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Anhui 'wingless angel' offers inspiration via livestreaming

Source: chinadaily.com.cn Updated: 2018-01-12

Yang Li uses a smartphone on the street of Bengbu, Anhui province. WEI ZHENWEI/FOR CHINA DAILY

While many Chinese women chase fame and fortune by having plastic surgery and showing off their "beach bodies" via the booming livestreaming industry, Yang Li has touched the hearts of millions of viewers by sharing her daily life.

Yang's arms were amputated after an accident involving a high-voltage cable when she was 4 years old, forcing her to find new ways to carry out everyday tasks.

Her livestreaming success is not the first time Yang, 27, has gained public attention. She made headlines in 2006 when she took the gaokao, the national college entrance exam, and used her feet to write the answers.

In fact, she does everything people normally do with their hands with her feet, from washing, cooking and eating to shopping, and even applying makeup.

"I learned to do makeup during college," Yang said. "My classmates all styled their eyebrows and applied lipstick. I thought they looked pretty."

The confident young woman works at a company in Bengbu, Anhui province. During her lunch break, she uses a livestreaming app on her smartphone to show followers how she overcomes her disability to live independently.

Yang usually holds her phone with one foot while talking about her life. She also shows her followers around her neighborhood by placing the phone on her chest with a stabilizer.

After she shared her first video in July, her posts went viral, earning her more than 2 million followers, who call her "wingless angel" and "inspirational sister".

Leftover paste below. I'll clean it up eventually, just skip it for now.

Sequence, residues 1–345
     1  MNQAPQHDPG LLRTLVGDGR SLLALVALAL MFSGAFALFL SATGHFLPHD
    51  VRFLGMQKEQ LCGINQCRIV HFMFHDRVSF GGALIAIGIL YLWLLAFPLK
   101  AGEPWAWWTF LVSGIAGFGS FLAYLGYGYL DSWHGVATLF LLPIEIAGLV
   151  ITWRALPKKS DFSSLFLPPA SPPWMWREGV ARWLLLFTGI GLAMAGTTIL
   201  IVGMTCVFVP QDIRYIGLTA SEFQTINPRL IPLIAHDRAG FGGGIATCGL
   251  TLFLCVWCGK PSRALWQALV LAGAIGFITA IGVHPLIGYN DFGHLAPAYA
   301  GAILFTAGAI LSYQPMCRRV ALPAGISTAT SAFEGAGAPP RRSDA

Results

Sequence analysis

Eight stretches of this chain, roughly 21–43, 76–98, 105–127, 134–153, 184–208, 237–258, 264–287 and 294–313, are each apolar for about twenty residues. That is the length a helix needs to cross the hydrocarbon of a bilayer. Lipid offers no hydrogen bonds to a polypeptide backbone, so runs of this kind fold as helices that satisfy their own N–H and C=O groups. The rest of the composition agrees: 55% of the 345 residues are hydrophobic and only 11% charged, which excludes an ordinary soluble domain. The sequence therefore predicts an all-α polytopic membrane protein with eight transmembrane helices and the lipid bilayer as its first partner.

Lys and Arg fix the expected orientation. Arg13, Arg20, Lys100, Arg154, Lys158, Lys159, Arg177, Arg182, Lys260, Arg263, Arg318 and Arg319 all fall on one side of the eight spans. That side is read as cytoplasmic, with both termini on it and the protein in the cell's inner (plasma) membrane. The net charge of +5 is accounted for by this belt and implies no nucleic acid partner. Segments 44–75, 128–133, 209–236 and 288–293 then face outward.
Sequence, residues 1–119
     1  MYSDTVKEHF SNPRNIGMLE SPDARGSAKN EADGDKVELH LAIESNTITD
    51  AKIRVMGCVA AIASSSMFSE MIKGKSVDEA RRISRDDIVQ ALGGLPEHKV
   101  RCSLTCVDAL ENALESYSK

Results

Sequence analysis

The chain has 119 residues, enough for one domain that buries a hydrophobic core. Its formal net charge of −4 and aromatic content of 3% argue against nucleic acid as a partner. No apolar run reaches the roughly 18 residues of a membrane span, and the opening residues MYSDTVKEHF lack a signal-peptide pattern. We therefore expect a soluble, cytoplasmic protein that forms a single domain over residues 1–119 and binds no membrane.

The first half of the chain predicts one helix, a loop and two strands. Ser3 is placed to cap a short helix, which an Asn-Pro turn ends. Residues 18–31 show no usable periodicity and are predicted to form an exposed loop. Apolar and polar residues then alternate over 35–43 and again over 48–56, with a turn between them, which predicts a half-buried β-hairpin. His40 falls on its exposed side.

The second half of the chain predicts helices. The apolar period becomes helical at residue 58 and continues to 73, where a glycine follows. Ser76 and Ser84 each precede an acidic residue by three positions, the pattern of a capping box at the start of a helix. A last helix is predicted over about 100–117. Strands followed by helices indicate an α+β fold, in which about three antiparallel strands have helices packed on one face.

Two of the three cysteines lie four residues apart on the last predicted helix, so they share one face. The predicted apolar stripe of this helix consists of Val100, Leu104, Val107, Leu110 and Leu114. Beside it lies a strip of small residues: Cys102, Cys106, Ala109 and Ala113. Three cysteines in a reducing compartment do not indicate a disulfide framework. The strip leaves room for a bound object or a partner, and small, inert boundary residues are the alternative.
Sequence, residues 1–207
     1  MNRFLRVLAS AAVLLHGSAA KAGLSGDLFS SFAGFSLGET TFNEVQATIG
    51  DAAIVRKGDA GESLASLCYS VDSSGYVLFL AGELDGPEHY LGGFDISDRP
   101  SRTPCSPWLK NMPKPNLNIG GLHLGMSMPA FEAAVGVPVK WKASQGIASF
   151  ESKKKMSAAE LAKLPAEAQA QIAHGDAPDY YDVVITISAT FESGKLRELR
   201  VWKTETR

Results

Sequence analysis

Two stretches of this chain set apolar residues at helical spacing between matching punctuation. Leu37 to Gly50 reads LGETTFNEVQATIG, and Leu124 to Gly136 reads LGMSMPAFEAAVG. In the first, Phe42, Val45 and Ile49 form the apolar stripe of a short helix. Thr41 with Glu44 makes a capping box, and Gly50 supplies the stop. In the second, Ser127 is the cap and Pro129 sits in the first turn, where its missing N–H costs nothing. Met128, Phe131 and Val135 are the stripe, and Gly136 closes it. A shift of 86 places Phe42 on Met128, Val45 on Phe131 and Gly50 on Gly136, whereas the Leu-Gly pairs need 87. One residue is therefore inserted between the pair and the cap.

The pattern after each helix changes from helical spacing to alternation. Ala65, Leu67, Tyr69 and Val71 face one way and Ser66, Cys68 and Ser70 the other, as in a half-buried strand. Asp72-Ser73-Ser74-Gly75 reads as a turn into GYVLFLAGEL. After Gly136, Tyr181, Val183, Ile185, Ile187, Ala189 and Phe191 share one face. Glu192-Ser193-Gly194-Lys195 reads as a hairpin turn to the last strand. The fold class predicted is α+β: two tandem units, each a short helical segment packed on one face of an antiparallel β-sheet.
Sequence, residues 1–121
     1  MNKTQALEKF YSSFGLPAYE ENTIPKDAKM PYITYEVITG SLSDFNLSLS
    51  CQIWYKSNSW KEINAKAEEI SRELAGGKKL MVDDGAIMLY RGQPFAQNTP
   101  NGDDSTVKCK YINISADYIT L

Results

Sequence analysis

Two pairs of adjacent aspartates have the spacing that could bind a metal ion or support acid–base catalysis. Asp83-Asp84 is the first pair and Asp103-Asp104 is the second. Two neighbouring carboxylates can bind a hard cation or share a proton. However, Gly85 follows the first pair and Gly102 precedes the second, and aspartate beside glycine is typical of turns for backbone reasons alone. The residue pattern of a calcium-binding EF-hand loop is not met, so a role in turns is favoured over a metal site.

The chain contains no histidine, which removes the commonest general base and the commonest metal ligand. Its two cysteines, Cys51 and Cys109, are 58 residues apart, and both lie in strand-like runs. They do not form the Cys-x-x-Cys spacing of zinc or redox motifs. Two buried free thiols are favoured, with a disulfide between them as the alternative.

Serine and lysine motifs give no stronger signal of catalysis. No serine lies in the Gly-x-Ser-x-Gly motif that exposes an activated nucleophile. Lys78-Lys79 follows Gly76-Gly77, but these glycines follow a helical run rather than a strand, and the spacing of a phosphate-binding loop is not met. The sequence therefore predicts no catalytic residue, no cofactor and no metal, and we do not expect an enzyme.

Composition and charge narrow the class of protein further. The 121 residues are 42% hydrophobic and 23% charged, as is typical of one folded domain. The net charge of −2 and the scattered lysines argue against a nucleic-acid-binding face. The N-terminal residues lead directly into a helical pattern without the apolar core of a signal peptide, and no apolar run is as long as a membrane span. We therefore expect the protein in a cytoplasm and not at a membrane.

"Unlike other hosts, I don't sing, tell jokes or pretend to be cute in my videos. I just show them how I live my life," Yang said, adding that she has never asked for a "gift", a term for the online cash rewards given by followers. Some people have criticized her for taking advantage of her disability. Yet Yang said she doesn't let the comments affect her.

"Normal people can livestream, so why can't I? I'm not upset by those remarks," she said. "Most people encourage me. I can feel their respect and kindness. As a disabled person, I've earned the recognition from society that I have longed for since childhood."

After Yang's arms were amputated, her mother taught her how to use her feet to do things that seem impossible to others, such as using chopsticks, brushing her teeth, and writing.

She remembers how it used to take her two hours to finish a meal, and how she had to hold a pen with her bare feet to do her homework in winter when the temperature dropped to-5 C.

Practice makes perfect, her mother often told her. "My mother taught me to be independent so that one day I would be able to look after myself," she said.

Yang enrolled to study at Anhui Agricultural University in 2007 and now earns her own living.

"After my accident, my mother quit work to look after me, while my father had to support the whole family by himself. Now that they are getting old, I don't want to be a burden on them any more. I have to live my own life," she said. "I also want to prove my value to society."

The "wingless angel" added that she wishes to spread messages of kindness via her livestream.

"If I drop something in the street there's always someone who helps me. I share these moments in my videos so that more people can experience this kindness," she said.

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